Braves' Ross activated from DL, in lineup
Catcher's return likely means Boyer will be odd man out
ATLANTA -- When David Ross strained his right groin during a Spring Training game March 31, Braves manager Bobby Cox said that his team couldn't afford to lose the backup catcher. But the timing of the injury, combined with Atlanta's early-season schedule, allowed Ross to return at an opportune time.
Ross was activated from the 15-day disabled list and placed in the Braves' lineup for Thursday afternoon's series finale against the Marlins. His presence allowed the Braves to rest Brian McCann before they embark on a nine-game road trip.
With three scheduled off-days during the season's first nine days, McCann was able to comfortably be behind the plate during the entirety of the first eight games the Braves played this year. After recording six hits, including two homers and three doubles, in his first 15 at-bats, the All-Star catcher has tallied just one single in the 14 at-bats that have followed.
Ross, who combined for 37 homers during the 2006 and '07 seasons with the Reds, experienced no discomfort while completing a two-game Minor League rehab stint with Class A Rome this week. His return to the roster led the Braves to option Clint Sammons to Triple-A Gwinnett.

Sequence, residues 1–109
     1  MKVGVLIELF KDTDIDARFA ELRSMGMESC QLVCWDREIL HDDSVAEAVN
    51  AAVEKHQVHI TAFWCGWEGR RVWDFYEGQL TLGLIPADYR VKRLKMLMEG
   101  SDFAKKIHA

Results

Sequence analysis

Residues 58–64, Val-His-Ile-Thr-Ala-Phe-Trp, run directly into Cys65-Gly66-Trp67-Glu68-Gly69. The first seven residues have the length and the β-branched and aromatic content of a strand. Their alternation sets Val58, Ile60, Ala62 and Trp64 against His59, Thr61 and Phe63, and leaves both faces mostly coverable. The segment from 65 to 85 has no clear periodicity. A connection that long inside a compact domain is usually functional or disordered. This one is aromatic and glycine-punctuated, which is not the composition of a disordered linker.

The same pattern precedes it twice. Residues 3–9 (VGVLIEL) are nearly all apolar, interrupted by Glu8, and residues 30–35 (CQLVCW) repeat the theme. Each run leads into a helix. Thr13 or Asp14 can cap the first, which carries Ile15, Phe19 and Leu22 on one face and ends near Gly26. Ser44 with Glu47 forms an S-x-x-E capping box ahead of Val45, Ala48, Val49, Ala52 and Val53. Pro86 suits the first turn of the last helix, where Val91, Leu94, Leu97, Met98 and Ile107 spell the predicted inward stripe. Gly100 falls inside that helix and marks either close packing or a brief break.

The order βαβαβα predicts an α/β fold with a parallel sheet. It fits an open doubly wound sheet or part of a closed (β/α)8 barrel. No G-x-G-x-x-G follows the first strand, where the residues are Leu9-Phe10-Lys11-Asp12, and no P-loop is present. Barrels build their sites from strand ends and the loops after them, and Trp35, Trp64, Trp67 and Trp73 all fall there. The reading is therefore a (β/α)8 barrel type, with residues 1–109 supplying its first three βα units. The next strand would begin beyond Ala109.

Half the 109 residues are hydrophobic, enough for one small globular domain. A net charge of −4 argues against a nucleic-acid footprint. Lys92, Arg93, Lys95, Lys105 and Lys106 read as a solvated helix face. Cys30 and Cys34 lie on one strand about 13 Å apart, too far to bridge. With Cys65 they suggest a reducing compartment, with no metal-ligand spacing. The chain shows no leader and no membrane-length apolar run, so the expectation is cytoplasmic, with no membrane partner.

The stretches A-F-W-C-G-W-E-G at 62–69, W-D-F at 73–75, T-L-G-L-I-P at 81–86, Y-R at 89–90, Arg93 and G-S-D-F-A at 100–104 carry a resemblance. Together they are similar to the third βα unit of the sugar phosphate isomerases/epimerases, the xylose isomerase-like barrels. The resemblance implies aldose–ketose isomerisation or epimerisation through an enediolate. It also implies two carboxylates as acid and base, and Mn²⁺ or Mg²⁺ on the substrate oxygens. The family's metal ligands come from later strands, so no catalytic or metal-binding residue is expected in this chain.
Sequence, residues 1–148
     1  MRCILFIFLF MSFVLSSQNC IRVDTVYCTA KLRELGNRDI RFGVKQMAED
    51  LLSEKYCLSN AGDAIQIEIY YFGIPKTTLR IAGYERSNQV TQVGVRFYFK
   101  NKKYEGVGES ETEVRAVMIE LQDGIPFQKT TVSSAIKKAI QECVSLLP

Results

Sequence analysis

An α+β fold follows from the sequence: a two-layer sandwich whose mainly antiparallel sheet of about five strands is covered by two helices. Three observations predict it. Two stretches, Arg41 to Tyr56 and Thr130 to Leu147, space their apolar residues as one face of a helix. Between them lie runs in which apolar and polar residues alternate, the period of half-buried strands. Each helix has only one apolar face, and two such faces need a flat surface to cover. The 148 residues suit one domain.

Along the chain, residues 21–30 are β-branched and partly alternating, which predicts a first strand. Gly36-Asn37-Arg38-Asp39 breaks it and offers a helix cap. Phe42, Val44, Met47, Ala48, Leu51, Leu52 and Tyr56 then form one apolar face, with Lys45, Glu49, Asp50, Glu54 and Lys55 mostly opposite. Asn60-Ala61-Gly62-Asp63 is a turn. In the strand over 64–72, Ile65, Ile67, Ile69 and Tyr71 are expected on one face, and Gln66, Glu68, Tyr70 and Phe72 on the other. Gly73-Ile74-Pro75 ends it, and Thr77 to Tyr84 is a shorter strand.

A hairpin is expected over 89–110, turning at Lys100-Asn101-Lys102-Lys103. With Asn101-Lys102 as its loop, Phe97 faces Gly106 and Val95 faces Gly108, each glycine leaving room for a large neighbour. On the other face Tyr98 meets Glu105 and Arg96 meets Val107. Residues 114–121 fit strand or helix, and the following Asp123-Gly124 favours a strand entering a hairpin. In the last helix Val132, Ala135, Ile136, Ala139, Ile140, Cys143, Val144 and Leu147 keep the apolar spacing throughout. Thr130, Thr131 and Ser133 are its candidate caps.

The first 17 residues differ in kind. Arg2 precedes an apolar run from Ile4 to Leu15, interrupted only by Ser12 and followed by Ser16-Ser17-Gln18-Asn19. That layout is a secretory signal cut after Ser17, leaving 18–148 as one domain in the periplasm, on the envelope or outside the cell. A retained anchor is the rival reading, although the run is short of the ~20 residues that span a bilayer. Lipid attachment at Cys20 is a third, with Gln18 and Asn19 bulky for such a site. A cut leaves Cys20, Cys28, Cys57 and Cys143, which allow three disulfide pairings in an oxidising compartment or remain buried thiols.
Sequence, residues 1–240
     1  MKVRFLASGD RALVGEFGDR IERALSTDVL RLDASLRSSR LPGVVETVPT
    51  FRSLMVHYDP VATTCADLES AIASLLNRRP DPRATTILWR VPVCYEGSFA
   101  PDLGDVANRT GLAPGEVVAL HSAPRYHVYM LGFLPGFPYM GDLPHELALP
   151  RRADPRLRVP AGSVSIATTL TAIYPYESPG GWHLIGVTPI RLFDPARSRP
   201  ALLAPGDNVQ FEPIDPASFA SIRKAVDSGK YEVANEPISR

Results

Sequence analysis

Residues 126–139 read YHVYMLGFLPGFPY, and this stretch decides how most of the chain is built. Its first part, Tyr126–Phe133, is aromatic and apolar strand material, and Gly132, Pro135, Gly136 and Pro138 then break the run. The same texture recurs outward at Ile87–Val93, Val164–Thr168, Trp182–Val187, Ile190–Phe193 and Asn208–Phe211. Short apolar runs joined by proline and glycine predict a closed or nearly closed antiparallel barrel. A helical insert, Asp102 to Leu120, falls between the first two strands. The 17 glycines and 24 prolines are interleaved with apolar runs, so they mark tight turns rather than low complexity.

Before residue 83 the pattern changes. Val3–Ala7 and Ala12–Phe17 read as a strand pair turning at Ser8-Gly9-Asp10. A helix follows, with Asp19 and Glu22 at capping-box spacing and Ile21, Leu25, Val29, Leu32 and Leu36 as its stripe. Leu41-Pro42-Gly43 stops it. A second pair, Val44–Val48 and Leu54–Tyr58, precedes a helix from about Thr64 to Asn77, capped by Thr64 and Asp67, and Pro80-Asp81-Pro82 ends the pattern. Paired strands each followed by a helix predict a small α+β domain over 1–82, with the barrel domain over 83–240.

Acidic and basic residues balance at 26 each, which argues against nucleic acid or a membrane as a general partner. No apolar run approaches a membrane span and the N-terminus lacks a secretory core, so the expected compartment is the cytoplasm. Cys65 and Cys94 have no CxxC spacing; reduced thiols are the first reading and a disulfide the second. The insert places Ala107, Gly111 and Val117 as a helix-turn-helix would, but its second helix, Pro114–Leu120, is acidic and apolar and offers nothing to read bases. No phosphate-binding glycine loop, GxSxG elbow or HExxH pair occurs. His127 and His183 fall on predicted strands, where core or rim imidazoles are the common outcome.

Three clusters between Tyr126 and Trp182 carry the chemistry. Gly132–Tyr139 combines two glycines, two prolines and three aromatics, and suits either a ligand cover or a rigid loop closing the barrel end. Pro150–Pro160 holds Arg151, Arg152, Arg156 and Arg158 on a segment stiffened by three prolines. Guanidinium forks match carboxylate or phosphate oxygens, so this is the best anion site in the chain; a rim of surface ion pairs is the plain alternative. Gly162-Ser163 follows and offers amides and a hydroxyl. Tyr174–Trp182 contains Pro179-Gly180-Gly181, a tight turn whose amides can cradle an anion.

"[Ross] looked good during Spring Training," Cox said. "Clint is great, too. We just didn't have a chance to get him into any of the games so far this year."
The Braves will have to make another roster move when they promote Jo-Jo Reyes from Gwinnett to start Saturday afternoon's game against the Pirates at PNC Park.
While allowing four runs and retiring just one of the five batters that he faced during Wednesday night's ninth inning, Blaine Boyer strengthened the belief that he'll be designated for assignment to make room for Reyes, who will be starting in place of the injured Tom Glavine.
Because Boyer is out of options, there's a chance the Braves could lose him to another club willing to claim him. But there's a growing sense that the club has become impatient while waiting for the 27-year-old reliever to live up to the promise of his powerful arm.
When Boyer struggled down the stretch last year, there was reason to believe he was battling the strains produced when he made 51 appearances before the All-Star break last year. But while allowing six earned runs in his first 1 1/3 innings this year, he has encountered similar struggles with what should be a fresh arm.
Mark Bowman is a reporter for MLB.com. This story was not subject to the approval of Major League Baseball or its clubs.